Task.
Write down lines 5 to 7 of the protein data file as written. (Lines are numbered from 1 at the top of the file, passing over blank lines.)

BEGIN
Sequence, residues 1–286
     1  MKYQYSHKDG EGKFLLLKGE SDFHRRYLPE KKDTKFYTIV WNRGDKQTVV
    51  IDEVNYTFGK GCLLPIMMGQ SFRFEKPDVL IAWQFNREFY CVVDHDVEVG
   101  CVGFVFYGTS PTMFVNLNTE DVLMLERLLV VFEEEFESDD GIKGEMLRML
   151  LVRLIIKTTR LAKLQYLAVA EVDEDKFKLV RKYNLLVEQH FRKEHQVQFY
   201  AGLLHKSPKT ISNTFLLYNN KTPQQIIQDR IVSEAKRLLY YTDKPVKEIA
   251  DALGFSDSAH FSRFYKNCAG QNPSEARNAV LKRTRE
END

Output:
   151  LVRLIIKTTR LAKLQYLAVA EVDEDKFKLV RKYNLLVEQH FRKEHQVQFY
   201  AGLLHKSPKT ISNTFLLYNN KTPQQIIQDR IVSEAKRLLY YTDKPVKEIA
   251  DALGFSDSAH FSRFYKNCAG QNPSEARNAV LKRTRE